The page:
Facing Goliath

“I cannot go in these,” David said to Saul, “Because I am not used to them.”
—1 Samuel 17347px-Osmar_Schindler_David_und_Goliath

Sunday, 5:00 p.m., Nov. 9, 2008: My girlfriend at the time, AJ, and I attended worship service at House of Mercy, then on St. Paul’s Snelling Avenue.

The previous weekend she’d talked me into returning to regular church services after the death of my father that September.

I was reluctant. It’d been a long time since I’d crossed the threshold of a Protestant church.

“I still think I’d like to do that,” I wrote in the journal. “The commonsensical approach [AJ] takes to emotions and spirituality is really appealing to me. I’ve never met a woman like her. I’m learning a lot and guess it stands to reason that a 48-year-old numbskull like me isn’t going to change overnight…”

Well, we attended services at House of Mercy throughout that Christmas season.

It resonated with me as in days of old: holding hands with my high school girlfriend Kim during Sunday services at our hometown’s Methodist church.

Sitting next to a loved one in a house of worship brought to the surface powerful feelings, both good and bad.


There was a time, however, when Sunday was The Day of Dread.

Facing Goliath 1Roused from bed and forced to wash up, dress up and pile into the family car to make it to church in time—it was always a hassle, whether the grandparents were with us or not.

I recall a lot of sharp words, Dad’s scowling face, Mom applying lipstick at the last moment, baby brother absently picking his nose, and me wanting nothing more than to stay at home, head buried in a comic book.

Then there was the sitting. And the standing. Then the sitting. The choir, singing. A prayer, the Gloria Patri, the Apostles’ Creed, the Lord’s Prayer. And that torture of torture to a young person—the sermon.

As a boy at my maternal grandparents’ United Methodist Church, in Greensburg, Ind. (above left), I was fascinated by the lone red light above the altar. “Dad,” I whispered. “What is that?

“That’s the flame of the Holy Spirit, son.”

Holy Spirit, Holy Ghost … man, why did this all have to be so creepy?

Years later, after we’d moved to Minnesota, I questioned Dad during service at the evangelical church in Navarre. Behind the altar was a tall, realistic-looking wooden crucifix. “That cross—d’you suppose it’s similar to the one Jesus was crucified on?”

I’ll never forget what he said.

“No, son. That was made with hate. This was made with love.”

Again, spooooooooky.


After AJ and I broke up in the spring of 2009, I attended House of Mercy one last time.

It was Sunday, June 14. Pastor Russell had asked the previous Sunday if I’d read the liturgy, a passage from Samuel I about David and Goliath.

AJ had left on an international trip, so I was attending the service without her. It felt strange, like missing a limb or something.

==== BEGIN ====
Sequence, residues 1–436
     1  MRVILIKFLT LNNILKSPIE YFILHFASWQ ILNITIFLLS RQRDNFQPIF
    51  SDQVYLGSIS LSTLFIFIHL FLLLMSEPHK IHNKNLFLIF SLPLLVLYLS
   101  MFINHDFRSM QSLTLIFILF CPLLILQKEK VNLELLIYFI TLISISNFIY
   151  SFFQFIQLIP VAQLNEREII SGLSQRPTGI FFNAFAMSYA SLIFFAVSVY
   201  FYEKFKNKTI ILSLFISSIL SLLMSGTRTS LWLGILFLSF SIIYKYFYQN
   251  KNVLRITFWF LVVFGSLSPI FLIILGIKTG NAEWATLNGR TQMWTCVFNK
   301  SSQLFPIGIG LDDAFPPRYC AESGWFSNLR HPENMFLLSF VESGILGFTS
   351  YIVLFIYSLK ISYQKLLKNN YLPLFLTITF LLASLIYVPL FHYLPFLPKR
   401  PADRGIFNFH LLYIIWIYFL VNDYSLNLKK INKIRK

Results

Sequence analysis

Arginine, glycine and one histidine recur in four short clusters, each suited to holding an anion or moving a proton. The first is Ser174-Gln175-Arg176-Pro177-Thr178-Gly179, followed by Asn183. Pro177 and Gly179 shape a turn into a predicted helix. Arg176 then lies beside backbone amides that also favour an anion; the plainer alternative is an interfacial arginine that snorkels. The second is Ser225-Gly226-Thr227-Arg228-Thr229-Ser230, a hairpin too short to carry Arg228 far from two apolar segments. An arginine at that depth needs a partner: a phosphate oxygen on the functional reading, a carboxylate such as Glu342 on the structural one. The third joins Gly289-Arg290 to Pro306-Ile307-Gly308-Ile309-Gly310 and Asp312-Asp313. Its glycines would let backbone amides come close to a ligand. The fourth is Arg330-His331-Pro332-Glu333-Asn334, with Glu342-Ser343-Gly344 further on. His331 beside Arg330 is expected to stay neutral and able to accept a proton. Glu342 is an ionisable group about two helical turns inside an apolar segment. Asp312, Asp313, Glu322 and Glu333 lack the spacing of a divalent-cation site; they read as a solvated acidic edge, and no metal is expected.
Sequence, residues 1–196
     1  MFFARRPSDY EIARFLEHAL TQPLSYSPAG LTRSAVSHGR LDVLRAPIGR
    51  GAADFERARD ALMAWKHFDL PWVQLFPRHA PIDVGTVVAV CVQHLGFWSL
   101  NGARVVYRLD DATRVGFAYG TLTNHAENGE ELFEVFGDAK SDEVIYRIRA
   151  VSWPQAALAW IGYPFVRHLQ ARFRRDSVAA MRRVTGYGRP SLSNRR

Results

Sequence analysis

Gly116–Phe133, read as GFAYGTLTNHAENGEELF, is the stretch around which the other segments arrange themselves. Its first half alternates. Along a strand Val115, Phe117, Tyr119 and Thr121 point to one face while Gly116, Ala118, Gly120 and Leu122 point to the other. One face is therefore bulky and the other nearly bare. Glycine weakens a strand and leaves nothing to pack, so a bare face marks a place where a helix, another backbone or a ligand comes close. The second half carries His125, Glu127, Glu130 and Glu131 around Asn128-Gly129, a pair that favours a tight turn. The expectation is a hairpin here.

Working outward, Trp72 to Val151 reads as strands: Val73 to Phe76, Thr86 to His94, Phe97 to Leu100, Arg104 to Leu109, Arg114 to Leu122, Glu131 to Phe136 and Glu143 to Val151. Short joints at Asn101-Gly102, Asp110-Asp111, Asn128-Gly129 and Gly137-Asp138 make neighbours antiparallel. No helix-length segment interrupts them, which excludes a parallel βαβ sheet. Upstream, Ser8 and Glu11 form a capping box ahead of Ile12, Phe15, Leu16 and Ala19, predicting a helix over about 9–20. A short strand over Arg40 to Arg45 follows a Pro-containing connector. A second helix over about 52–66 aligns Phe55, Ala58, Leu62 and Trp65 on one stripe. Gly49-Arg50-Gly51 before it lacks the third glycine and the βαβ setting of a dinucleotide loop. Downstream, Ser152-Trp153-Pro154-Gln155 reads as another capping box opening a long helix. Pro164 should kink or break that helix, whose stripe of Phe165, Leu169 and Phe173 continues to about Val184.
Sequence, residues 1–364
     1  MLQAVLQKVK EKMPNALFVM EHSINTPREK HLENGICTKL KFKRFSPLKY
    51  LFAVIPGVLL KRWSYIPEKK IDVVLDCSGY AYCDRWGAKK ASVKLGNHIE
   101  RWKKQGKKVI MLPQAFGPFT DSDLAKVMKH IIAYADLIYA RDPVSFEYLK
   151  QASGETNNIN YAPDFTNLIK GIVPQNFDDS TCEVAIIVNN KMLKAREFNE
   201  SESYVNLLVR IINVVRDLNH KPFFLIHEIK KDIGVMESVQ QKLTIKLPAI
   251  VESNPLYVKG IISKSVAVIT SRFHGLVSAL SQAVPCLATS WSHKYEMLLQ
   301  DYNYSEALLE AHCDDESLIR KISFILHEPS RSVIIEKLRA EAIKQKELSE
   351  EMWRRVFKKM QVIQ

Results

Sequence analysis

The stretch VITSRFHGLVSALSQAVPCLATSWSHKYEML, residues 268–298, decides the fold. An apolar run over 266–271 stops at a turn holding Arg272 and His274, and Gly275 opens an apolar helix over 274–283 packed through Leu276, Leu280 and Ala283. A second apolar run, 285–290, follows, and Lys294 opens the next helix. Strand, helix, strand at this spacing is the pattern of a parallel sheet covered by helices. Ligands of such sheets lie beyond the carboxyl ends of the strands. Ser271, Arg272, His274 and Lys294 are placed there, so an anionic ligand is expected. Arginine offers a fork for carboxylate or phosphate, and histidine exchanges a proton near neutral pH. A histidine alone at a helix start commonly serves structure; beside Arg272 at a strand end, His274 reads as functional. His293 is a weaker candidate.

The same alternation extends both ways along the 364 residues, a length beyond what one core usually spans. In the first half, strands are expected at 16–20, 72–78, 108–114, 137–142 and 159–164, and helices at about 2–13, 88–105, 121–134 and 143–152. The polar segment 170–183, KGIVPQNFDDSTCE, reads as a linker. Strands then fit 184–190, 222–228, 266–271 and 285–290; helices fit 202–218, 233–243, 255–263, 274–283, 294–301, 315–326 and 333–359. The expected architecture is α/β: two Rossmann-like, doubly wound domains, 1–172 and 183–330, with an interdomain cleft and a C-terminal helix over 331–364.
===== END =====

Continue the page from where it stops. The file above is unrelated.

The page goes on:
Since the beginning of that month I was sliding into a depressive episode that plunged deeper while I was at work on Friday, June 5. I was so shaky and lacking in sleep that my boss told me to go home and take care of myself. The journal tells the rest of the story:

“When I got back to my car, I was awash in tears and anguish. I prayed to my parents, to God, to explain why … why we couldn’t be together. I never felt so ripped up … I had to almost pull the car over, but I made it home … I slept a lot that Friday, cried, slept, and felt I was sinking.”

Eventually I got out of bed. It was the Sunday I was supposed to read the liturgy. I really didn’t want to. Since the service began at 5 p.m., I finally mustered the energy to go.

“I was nervous,” the journal states. “Pastor Russell and I talked before the service” about the breakup and my current mental state. “I said I’d go ahead with it. I decided to take it slowly. Really read the text. Think about what it said to me.”

“[Saul] put a coat of armor on [David] and a bronze helmet on his head. David fastened on his sword over the tunic and tried walking around, because he was not used to them.

‘I cannot go in these,’ he said to Saul, ‘because I am not used to them.’ So he took them off.”

Goliath 2Young David took up his sling, as he used to do as a shepherd, along with five smooth stones from a nearby brook.

Then he went forth to face the giant, Goliath.

“I brought water up with me and didn’t particularly feel nervous because I was so numb from sleeping and being depressed. But the text lifted me up. I felt David’s power and confidence. It was restoring.”

I couldn’t go back to my old way of being.

I was moving into unfamiliar territory.

“I miss my folks, Mom and Dad. I miss AJ. I miss my friends. It has been very isolating and strange lately. My old friends seem weird and disconnected and half the time I don’t know what they’re talking about, nor do I care about what they’re interested in.

Maybe I’m changing. Or not enough.

[Top image: Osmar Schindler David und Goliath”. Licensed under Public domain via Wikimedia Commons – http://commons.wikimedia.org%5D

~ by completelyinthedark on December 12, 2014.

One Response to “Facing Goliath”

  1. Reblogged this on Completely in the Dark and commented:

    Brief midsummer hiatus after that massive 5-part post, then all-new posts again starting Aug. 7. Stay cool, cats!


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